It’s always been fairly easy to stampede the American herd into a moral panic.
In the early 1950s, comic books had been around less than 20 years, and were said to be corrupting and destroying America’s children — “seducing the innocent,” as one overwrought psychiatrist and author put it.
Artist Jim Mooney had a cabin in the mountains where he tried to avoid the topic of what he did for a living, noted David Hajdu in The Ten-Cent Plague: The Great Comic Book Scare and How It Changed America.
“In the summer of 1954, Stan Lee, Mooney’s editor at Timely, came to visit the artist for a weekend, and one of Mooney's area friends dropped by,” Hajdu wrote. “The fellow, a dealer in hunting equipment, engaged Mooney in conversation about antique rifles, and Lee interrupted, noting that, as a comic book editor, he had expertise in weapons. ‘The guy blew his stack,’ remembered Mooney. ‘He said, “You do comic books? That is absolutely criminal — totally reprehensible. You should go to jail for the crime you’re committing,’ and on and on.”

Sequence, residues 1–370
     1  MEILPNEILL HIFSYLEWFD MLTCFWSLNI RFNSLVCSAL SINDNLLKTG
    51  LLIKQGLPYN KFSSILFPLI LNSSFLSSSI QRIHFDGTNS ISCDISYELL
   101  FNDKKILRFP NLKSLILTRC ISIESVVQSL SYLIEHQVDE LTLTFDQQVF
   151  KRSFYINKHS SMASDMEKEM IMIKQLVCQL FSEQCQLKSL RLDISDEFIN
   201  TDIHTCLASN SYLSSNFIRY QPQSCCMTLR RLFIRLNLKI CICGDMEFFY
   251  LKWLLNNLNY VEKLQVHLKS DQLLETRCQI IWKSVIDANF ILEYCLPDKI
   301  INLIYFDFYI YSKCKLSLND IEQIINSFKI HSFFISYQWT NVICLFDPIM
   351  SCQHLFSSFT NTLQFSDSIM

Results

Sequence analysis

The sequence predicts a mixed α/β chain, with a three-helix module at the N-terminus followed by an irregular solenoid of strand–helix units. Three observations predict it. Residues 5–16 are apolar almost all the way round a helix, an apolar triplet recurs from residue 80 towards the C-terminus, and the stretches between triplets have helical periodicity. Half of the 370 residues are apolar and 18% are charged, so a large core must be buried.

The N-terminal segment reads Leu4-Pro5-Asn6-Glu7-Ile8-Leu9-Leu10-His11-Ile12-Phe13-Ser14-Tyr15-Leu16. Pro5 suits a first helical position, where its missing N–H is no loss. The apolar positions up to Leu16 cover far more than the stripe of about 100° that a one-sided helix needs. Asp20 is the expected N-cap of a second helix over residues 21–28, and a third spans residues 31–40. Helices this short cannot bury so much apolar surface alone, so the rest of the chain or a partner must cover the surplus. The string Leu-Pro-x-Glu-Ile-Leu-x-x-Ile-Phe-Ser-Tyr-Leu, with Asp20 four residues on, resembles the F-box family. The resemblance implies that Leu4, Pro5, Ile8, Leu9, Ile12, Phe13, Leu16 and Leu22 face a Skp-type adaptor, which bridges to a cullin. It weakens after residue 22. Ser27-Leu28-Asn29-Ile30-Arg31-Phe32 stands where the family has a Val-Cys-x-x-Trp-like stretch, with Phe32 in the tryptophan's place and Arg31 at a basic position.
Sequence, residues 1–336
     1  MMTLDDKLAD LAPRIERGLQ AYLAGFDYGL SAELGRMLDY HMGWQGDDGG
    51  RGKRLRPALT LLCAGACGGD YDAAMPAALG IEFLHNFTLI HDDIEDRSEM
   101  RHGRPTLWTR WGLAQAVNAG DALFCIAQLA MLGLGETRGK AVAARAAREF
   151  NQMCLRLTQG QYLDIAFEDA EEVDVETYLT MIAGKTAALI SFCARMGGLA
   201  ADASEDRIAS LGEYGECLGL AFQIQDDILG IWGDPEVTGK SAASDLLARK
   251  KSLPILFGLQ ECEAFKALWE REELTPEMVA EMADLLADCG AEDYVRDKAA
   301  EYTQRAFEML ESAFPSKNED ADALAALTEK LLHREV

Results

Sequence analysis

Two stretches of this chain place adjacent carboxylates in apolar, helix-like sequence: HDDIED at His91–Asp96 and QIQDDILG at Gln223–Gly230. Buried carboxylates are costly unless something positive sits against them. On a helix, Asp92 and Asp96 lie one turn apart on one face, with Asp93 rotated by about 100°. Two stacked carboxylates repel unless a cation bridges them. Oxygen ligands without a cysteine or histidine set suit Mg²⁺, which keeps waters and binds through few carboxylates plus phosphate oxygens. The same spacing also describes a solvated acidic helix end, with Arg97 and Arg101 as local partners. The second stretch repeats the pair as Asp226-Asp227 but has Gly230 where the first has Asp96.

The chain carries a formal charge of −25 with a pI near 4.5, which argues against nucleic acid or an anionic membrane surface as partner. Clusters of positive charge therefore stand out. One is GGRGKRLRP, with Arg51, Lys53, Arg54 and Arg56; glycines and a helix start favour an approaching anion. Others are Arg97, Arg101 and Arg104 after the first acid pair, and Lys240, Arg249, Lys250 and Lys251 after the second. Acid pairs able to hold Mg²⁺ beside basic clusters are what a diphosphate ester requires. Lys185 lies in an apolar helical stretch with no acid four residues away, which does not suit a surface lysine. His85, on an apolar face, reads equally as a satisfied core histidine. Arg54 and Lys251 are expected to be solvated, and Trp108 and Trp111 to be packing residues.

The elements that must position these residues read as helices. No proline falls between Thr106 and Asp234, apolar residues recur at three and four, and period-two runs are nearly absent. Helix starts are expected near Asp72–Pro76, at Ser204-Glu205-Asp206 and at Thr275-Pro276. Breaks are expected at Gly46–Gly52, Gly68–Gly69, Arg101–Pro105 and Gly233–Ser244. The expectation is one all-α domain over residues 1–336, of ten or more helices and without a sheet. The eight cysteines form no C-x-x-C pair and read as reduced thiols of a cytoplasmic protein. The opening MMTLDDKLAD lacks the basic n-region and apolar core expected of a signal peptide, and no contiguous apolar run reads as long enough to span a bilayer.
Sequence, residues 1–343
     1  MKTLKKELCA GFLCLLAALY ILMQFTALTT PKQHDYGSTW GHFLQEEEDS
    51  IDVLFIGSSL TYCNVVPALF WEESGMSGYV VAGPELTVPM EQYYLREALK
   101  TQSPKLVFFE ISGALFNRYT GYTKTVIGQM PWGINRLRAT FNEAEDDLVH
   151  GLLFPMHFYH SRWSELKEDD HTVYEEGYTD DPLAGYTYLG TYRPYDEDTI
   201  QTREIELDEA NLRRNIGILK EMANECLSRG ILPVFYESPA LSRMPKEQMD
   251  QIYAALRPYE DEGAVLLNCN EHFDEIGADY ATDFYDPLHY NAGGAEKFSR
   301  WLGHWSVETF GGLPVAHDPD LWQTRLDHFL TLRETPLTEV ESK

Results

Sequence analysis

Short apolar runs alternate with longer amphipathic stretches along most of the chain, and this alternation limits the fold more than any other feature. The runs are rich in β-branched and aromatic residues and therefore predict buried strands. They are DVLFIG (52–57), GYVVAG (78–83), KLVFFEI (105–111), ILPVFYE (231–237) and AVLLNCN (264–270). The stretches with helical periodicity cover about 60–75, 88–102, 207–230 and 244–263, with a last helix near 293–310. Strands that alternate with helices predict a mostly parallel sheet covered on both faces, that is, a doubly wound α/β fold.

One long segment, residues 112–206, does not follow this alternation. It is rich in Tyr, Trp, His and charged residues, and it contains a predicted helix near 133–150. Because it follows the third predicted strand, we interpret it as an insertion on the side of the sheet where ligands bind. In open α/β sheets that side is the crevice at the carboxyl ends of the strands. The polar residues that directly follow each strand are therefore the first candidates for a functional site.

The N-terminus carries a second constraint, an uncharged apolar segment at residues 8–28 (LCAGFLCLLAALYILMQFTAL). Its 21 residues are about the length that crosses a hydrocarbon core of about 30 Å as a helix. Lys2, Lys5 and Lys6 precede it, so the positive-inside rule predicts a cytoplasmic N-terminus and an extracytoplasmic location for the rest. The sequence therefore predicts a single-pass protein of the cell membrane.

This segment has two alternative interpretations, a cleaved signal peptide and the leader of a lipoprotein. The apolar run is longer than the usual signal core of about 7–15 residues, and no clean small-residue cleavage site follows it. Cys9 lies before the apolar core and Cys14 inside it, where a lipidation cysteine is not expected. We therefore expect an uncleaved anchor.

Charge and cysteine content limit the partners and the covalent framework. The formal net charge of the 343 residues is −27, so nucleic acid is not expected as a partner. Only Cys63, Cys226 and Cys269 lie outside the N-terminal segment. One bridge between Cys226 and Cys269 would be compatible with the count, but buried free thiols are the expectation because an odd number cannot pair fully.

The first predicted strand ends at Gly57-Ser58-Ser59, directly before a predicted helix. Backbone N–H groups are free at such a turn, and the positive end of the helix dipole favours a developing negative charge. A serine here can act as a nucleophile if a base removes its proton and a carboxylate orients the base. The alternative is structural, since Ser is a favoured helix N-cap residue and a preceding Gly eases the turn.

That former friend never returned to Mooney’s cabin in the Catskills. But Mooney later discovered what the moralist did for a living. He was a gunrunner to South American mercenaries.